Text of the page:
Lights. Camera. Let's TikTok.
"It depends on the video. If I already know the choreography, I will hit TikTok," Britini D'Angelo, 23, said.
For 18 and a half years, D'Angelo has been dancing. Her passion has turned into a viral hobby.
What You Need To Know
- Has over 140,000 followers on TikTok
- Performs dances and makes videos for cancer patients and other people struggling
- She will get her master's in Early Childhood Education when she graduates from Niagara University in May
"Just a girl from Niagara Falls, New York, wanting to dance her heart out and in the process — inspiring millions," she said.
It happened on TikTok, a social app that allows users to make short videos on their phones or cameras.
D'Angelo only thought she'd maybe only have 100 followers. But the 23-year-old's 15-second dance videos earned her over 140,000 followers from over 110 countries and 3.2 million likes.
"It gave me the chance to start dancing for really incredible people, like cancer patients and those who needed to be uplifted the most," D'Angelo explained.
When one door closes, another opens. Her TikTok success all began about a year ago, when she was laid off due to COVID-19. Her videos have caught the eye of Kaycee Stroh, who played Martha Cox in "High School Musical," but also Meghan Trainor.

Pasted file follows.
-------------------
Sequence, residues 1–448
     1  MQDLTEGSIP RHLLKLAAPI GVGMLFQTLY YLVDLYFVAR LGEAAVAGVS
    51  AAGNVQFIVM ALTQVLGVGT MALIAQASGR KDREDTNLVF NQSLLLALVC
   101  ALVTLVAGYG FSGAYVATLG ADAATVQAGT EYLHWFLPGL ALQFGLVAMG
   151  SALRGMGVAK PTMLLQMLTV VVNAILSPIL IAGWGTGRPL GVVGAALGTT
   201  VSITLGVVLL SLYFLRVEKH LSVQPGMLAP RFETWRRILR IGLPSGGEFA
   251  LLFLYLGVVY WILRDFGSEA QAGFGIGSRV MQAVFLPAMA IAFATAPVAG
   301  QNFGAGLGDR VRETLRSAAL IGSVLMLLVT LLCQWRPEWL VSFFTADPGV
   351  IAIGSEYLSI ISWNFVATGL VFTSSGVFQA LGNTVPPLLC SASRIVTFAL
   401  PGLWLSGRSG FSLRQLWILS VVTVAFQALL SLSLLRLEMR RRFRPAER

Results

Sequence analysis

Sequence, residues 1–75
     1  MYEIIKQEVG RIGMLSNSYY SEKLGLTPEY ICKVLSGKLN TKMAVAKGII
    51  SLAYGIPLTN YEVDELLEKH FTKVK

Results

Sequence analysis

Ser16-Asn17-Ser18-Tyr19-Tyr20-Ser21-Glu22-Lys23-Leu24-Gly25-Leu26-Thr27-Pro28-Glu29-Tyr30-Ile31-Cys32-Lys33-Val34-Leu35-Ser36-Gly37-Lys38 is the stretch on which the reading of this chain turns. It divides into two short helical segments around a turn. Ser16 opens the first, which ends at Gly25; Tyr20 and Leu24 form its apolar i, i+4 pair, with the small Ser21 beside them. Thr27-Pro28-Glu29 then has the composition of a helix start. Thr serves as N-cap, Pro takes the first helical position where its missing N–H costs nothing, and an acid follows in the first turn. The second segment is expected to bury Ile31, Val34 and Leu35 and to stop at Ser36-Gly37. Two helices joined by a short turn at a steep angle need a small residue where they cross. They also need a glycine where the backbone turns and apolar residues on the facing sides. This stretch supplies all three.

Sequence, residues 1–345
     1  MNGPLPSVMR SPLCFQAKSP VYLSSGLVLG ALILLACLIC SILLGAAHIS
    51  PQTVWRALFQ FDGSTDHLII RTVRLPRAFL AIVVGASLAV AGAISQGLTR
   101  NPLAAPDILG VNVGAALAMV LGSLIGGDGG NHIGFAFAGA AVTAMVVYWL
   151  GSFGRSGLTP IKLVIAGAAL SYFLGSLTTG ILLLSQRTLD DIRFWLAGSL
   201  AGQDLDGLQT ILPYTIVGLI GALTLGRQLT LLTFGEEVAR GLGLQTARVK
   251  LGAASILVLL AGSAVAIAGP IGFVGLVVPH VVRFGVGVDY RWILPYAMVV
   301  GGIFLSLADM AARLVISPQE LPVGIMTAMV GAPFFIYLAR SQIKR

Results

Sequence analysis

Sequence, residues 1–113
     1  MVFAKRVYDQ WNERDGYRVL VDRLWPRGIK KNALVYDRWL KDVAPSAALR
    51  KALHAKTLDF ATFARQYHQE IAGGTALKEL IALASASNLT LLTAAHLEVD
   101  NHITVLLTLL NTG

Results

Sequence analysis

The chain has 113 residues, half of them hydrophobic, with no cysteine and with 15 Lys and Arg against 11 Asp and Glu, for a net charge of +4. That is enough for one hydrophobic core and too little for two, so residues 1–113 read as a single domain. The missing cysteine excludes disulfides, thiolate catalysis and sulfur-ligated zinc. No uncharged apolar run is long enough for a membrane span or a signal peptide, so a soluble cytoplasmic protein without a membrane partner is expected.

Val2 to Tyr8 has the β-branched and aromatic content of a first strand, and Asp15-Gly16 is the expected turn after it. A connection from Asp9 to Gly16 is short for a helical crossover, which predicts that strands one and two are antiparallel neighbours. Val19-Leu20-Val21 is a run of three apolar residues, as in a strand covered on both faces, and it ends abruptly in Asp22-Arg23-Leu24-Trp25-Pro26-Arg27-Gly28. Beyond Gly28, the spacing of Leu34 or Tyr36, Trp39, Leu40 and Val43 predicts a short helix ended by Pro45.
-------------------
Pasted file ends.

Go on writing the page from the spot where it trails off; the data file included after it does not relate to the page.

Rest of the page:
"She started a dance contest and I made it into one of her videos, "Make You Dance Challenge." I could not believe that she chose my dance out of all of them... could not believe it," exclaimed D'Angelo.
Her videos not only were seen by celebrities.
"I get messages from cancer patients saying they're stuck n the hospital fighting for their life, but I give them hope and they keep fighting," she explained.
D'Angelo has also gotten message from many TikTok accounts, looking for a light, which she truly shines. She makes personal videos for her followers and even has made modifications of her moves for people in wheelchairs.
"I always knew that I wanted to change the world, and I always knew that I wanted to change lives, but I never thought that social media could be my way of doing that," said D'Angelo.
When she's not making five TikTok videos a day, D'Angelo is studying for her masters in early childhood education. Masters student by day, TikTok influencer by night.
"If I can change one person and turn themselves upside down, I did my job," she stated.
And she's doing that already.